Krista Tippett meets Ernie LaPointe, Sitting Bull's great-grandson(photo: Nancy Rosenbaum)

Last week, I traveled with Krista, Trent, and Mitch for a production trip to the Black Hills in South Dakota. We’ve been planning a program about the spiritual legacy of Sitting Bull for years. Finally the pieces of this production puzzle have started to come together.

After landing in Rapid City, we drove through the snowy Black Hills until we arrived at the cozy home of Sitting Bull’s great-grandson, Ernie LaPointe. As we prepared for this trip, several people (including Ernie’s wife Sonja) advised us to bring him a gift of tobacco. Some of you responded to an earlier blog post, including David Born who once served as chair of the Department of American Indian Studies at the University of Minnesota.

He suggested where to buy the traditional pipe tobacco, or kinnikinnick, and recommended that we wrap it in a red (a sacred color for the Lakota) cotton cloth. What mattered most, he advised, is that Krista should present the tobacco with humbleness, humility, and respect. Here are some notes from our conversation:

“You can let him know that you understand it’s traditional when seeking the advice/wisdom of an elder to present a gift. You want to acknowledge that the information he’ll be sharing is important and sacred and you want to honor that. You can acknowledge your own ignorance about his customs and let him know that you’re not trying to be Native, stereotype Natives, or romanticize them. The gift of the tobacco is a way of both making a request and expressing appreciation — not just of Ernie but of the Lakota nation. What matters most is that the tobacco is given with “a good heart.”

A quiet hush descended over Ernie’s living room when Krista formally presented a pouch of tobacco wrapped in red cloth. She spoke quietly and with grace. As I reflect back on this moment, it seems like this singular exchange set the tone for the two-hour interview that unfolded between them — one of respect and intimacy.


Share Your Reflection

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Reflections

It is a good thing to honor the elders and the wisdom traditions for which they speak. I look forward to hearing the dialog that results from this meeting. The Lakota (& Nakota, & Dakota) tribes( and other Grandfathers from other tribes) have wisdom that that we need.
Blessings,
Robert

Great photo and excellent write-up Nancy Rosenbaum; you folks do your work quite well.

I am really looking forward to hearing it. Thanks for posting the picture and the description.

Peter Carey+

If only leaders of countries would be able to accomplish this.... if only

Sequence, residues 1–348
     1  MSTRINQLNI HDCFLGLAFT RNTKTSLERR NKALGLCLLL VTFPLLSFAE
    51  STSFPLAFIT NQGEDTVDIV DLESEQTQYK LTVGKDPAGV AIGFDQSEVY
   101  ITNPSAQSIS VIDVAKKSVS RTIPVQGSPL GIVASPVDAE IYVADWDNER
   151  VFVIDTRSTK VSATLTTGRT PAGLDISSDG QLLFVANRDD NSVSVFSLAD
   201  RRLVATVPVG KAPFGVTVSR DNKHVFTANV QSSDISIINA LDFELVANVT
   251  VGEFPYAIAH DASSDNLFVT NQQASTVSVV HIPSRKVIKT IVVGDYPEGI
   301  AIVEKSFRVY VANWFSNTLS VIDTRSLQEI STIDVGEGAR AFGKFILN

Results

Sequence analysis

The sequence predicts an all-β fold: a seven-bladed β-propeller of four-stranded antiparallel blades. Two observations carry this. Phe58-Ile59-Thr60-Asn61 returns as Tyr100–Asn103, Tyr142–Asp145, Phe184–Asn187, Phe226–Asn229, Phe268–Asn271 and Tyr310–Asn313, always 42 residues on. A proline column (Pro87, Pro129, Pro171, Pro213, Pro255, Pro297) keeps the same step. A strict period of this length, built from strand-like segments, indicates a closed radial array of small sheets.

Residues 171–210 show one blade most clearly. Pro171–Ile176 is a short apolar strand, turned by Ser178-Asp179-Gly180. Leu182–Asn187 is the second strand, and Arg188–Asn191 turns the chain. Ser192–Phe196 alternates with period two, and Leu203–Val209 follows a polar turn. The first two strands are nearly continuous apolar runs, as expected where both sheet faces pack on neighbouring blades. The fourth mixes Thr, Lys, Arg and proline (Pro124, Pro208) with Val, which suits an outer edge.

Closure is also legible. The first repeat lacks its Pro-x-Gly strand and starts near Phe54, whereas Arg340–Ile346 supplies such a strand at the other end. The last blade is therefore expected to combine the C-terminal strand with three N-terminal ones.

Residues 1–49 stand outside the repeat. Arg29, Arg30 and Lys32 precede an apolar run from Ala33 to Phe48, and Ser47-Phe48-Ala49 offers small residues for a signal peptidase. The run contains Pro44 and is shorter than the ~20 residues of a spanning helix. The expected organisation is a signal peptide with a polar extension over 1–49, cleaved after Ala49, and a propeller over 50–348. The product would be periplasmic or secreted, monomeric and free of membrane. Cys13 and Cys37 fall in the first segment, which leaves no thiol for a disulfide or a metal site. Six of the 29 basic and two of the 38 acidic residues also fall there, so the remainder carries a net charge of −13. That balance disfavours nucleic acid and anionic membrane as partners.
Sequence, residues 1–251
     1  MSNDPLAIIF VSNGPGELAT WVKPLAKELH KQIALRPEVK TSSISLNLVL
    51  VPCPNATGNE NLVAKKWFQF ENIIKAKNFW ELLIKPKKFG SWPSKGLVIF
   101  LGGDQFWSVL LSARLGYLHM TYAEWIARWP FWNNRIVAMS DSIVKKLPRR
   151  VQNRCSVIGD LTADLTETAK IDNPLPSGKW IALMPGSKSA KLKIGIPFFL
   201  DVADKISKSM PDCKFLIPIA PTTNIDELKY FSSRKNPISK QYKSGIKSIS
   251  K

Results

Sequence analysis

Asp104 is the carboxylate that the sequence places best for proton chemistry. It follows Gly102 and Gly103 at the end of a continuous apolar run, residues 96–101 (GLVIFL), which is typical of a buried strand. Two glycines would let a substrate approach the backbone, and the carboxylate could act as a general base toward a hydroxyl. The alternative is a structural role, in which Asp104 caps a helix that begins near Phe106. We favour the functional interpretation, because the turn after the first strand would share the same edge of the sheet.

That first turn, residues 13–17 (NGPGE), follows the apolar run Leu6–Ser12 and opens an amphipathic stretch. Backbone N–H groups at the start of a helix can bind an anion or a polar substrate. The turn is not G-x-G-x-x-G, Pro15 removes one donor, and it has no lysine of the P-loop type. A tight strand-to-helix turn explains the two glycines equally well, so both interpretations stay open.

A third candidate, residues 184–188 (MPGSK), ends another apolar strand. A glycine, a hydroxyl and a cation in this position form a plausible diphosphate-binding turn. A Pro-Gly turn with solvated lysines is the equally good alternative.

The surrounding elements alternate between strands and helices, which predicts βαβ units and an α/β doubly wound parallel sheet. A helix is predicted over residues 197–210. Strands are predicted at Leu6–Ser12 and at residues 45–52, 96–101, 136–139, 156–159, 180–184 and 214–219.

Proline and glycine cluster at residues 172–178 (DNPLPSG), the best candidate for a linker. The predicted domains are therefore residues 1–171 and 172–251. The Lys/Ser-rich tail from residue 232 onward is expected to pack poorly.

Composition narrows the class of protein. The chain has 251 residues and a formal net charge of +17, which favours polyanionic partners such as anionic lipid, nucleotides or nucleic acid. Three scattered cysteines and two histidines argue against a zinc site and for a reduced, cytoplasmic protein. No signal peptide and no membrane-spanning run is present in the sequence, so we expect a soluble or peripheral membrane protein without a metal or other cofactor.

I'm eager to listen and possibly view the interview. I understood the way the gift was explained and it resonates especially because of the pathological attachment we, in our society, are developing with regard to fame and celebrityhood. Ultimately, what we are becoming committed to is Self. Self in a way that eats at us and self destructs. Our sense of relating, our spirituality and our goodness gets warped into a consuming entity that is totally foreign to Nature. This insatiable urge to gossip and exposure limits our Evolution, our Growth... Learning from humble and nature loving people perhaps will awaken some of us from this lethargy of consumption.

Before I became a nurse, I was a Birth Sister (what our hospital calls our doulas) and did prenatal and postpartum home visits. My parents are Hungarian immigrants, and because I speak Spanish fluently I was primarily working with Central American families. I had to learn how to accept gifts across cultures. My culture said "I am here to help you or give you a chance to rest." The mothers would be only a few days postpartum, and they would prepare sometimes elaborate meals for me to thank me for helping them. It was a delicate dance - the new mothers were sometimes very tired, but I needed to say, in a way they could understand, "You're welcome. No, you don't owe me anything" before they could here me say, "And what can I do for you today?" I'm a vegetarian, by the way (not for religious reasons), but I rapidly realized that the "hospitality exception" was really important for the families in this case. So I would eat a small meal, thank the mother, and then we could sit down to work together. (By the way, Salvadoran pupusas are delicious!)

I am interested in the Reimaging of sitting Bull. Years ago I read an article about the yearly trip to Wounded Knee. I had a tshirt with Sitting Bull on it, and was motivated to do a picture of Sitting Bull with Ron His Horse. I used as special frame my daughter let me pick for mothers day, made of reclaimed cactus. I visited out west for the only time in 01, grand canyon, usual stuff, I've reimaged Sitting Bull myself to some degree, and use every opportunity to tell the truth of those times.

Being Native and Old Norse decent I am very weary of the kristons and their interest in our way of life. The outcome has never been good. I carry my ancestors in my heart everyday and speak to the west to them.

I am looking forward to hearing the interview... so much wisdom to be learned.

It's a reminder of the importance of faith that wisdom does prevail.

You can learn so much as i did in a short amount of time.Thank you for this broad cast story.

apples